Subscribing to a number of bloggers who belong to Biblioblogs keeps me busy realizing how much I don’t know. I say this by way of making clear that this is a “thinking out loud post” – not a “here’s how it is” post, and also to give me an opportunity to say how grateful I am that these students of the Bible are willing to share their thoughts and expertise with hoi polloi in blog form.
So… I guess we all know who Paul was. We ought to – more of his words appear in the New Testament than do those of any other figure, and he doubtless had influence on the writers who came after him. Nevertheless, even with the abundance of his letters, and supplementary information about him from Acts, there are still places where we might like to know more – or at least have greater certainty about what we know.
One such area is the question of Paul’s Christology. Would he have assented to the later Trinitarian twin doctrines that Jesus was “fully God” and “fully human”? (Here the “Jesus-mythers” are apt to say that Paul may have thought the former, but not the latter. I disagree vehemently with the mythicist position, and don’t know anyone who really takes that position seriously except for those who hold it). The question of whether Paul saw Jesus as fully God, however, is worth a closer look. In the past few days, one aspect of that question has been debated by a couple of guys from Biblioblogs. I refer you to their posts here and here, arguing that Paul saw Christ as subservient to God, and here arguing the contrary side. On this controversy, without the benefit of specialized knowledge, I’m inclined to favor Michael’s view that Paul saw Christ as “subject to” God. I would have argued further that we should have seen evidence of a controversy between Paul and the Jerusalem church on this point (more so than on the questions surrounding gentile converts and the status of the Law). In fact, I think the schism might have been irreparable if Paul departed so much from Jewish montheist thinking as to openly preach Christ the equal of God. I think that, had that been the case, we would see a very different picture from the New Testament (if we had a New Testament at all).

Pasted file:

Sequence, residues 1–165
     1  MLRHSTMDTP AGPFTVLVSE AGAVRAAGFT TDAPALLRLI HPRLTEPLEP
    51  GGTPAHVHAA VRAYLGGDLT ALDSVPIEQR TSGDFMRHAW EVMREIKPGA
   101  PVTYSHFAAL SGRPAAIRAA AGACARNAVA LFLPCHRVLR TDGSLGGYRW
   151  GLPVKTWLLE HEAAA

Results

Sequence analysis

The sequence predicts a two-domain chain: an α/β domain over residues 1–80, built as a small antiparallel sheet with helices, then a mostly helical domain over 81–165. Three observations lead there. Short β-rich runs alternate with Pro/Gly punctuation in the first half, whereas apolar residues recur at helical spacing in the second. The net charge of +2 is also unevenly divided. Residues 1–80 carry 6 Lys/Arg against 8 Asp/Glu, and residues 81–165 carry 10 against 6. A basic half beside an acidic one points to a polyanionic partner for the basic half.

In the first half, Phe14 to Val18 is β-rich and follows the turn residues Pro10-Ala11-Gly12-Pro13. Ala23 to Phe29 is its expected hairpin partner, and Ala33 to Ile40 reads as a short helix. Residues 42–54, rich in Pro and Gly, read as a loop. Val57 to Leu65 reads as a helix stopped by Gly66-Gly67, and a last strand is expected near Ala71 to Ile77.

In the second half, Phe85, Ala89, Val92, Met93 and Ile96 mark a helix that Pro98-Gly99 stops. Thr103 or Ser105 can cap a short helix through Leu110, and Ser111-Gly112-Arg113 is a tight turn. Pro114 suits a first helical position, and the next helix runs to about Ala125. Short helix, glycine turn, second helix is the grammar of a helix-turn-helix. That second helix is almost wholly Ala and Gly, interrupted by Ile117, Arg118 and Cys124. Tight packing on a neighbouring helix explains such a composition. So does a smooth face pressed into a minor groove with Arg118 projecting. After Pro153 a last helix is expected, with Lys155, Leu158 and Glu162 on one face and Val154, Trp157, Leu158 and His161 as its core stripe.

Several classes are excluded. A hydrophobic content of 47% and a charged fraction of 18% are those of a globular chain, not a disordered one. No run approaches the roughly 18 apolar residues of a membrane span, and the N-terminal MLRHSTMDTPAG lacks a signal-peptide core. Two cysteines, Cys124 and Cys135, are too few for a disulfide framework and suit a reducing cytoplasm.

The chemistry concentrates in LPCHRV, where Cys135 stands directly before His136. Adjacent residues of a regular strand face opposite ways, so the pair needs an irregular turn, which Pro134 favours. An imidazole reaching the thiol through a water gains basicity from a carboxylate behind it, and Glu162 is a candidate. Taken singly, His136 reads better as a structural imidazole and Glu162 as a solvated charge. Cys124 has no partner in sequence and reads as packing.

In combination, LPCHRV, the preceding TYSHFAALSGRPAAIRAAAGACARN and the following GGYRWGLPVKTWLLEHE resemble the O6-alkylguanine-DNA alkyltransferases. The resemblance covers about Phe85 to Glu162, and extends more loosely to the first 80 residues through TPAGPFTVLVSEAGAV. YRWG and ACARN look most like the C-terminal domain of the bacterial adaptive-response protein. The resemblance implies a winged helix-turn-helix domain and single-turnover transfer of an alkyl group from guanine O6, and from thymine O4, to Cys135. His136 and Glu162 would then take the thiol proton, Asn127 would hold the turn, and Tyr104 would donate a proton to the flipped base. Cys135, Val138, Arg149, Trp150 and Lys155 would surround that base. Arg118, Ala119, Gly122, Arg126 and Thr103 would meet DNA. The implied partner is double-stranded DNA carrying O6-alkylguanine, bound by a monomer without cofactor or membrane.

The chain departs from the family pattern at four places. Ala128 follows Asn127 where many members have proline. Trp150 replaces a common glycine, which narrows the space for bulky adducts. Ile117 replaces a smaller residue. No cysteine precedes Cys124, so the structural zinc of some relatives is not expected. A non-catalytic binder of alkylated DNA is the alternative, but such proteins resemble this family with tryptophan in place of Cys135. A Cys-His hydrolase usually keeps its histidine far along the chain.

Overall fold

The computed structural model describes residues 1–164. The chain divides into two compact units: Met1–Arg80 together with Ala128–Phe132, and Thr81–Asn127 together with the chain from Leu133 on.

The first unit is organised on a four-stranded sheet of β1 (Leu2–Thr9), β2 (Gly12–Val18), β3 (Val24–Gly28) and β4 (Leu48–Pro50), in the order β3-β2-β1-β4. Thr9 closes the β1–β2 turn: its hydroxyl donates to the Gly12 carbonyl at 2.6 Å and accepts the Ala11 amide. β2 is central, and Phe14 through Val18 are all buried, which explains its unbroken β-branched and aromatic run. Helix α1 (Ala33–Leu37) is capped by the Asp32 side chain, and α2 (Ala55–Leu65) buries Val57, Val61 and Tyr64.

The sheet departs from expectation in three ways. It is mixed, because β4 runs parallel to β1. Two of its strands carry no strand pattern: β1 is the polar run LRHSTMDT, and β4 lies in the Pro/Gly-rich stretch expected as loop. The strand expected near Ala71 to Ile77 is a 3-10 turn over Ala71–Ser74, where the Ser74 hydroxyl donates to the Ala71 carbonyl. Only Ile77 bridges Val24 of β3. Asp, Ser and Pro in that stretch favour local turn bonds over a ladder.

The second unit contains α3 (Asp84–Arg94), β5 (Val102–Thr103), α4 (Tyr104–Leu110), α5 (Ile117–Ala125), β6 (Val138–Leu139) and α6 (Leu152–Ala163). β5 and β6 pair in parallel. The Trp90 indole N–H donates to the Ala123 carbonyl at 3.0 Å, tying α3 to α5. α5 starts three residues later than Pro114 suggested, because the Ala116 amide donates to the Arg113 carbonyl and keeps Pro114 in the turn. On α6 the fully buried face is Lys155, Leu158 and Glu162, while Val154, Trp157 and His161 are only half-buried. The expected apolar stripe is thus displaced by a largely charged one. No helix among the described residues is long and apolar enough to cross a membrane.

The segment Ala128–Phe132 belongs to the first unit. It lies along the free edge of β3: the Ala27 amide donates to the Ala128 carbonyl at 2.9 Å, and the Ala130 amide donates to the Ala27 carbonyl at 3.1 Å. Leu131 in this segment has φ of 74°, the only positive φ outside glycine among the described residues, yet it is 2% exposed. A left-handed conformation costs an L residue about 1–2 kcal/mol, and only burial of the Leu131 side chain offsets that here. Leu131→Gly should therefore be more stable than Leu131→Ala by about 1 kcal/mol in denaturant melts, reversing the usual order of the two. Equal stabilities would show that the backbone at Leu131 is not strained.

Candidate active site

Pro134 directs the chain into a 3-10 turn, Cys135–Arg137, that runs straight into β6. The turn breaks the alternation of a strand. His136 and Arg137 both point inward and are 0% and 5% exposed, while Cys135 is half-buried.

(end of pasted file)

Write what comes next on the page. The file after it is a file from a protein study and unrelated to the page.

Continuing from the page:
Another area where I imagine there are questions that might keep us awake at night is Paul’s cosmology. Well, not really, since I doubt anyone cares much one way or another about Paul’s cosmology. Nevertheless, I’m building to something here, so I’ll point it out. Paul says very little about his cosmology, but I would like to point out 2 Corinthians 12:2-4 and Ephesians 3:9-10. What we find here are a) multiple hierarchical? heavens – the highest? of which is paradise b) ruled by archons or angelic ‘principalities’, wherein c) secret knowledge may be learned. There are a lot of speculative viewpoints on the meaning of all this. I don’t claim to know precisely what Paul was talking about, but I will say that nothing here deviates radically from viewpoints that were current at the time. If anything, Paul is a touch stingy with his heavens.
What is clearest from Paul, I suppose, is his soteriology. Adamantly faith alone, apart from works. Hopefully someone will correct me on that point if I’m wrong. But, the next clearest thing we know from Paul was the suspicion in which he held “the flesh” (σάρξ, as the Bibliobloggers would say).
By now, I expect that someone is hoping I don’t go there… hoping I won’t accuse Paul of being a “gnostic”. Well, I won’t. First, I’m not even sure I know what gnostic is. Second, I don’t think gnosticism was seriously distinguished from proto-orthodoxy until after Paul’s time. Third, Paul’s soteriology is foreign to what we call gnosticism, and his Christology is certainly not gnostic. Even if it isn’t “lower” than the Nicean Christology, it certainly isn’t a matter of superceding the Hebrew God.
So, I don’t think Paul is a gnostic, but I do have to point out these hints of ideas on his part that from a 21st century perspective might fit more comfortably within our view of gnosticism than our view of orthodoxy. And, I point out that there is evidence that gnostic communities used Paul’s letters, and even wrote apocryphal Apocalypse in his name. Just to recap what I haven’t already made explicit… The notions I am talking about that seem from this distance and time to be at least “gnostic”-flavored are these:
1) Multiple heavens
2) Heavens ruled by Archons/Prinicipalities
3) Secret knowledge
4) Severe denigration of the flesh, elevation of the spirit
The significance of this to my mind is that these thoughts were likely current and uncontroversial not only with Paul, but with early Christians generally. So at least some of the seeds of what would eventually become gnostic communities were already present in the earliest churches… perhaps more of them than we learn from Paul. This means that later, by the late second century when the church was radically diverse, it is likely that more than one of the various schools of thought could make significant claims of priority based on their relationship to their forbears in the earliest church. This isn’t to detract from the proto-orthodox line so much as to find the foundations of some of the other lines. Certainly, the orthodox could make some unique priority claims that carry force and privilege that point of view even if its contemporaries were also grounded in the first century church.
Any way…. I warned you at the outset. This is thinking out loud… and that means rambling. And I’m afraid I’m at an end of it now, without much to say “in conclusion”. I’ll just say that it’s interesting how much room for debate there is over the best known figure in the New Testament, and arguably the best known figure in first century history!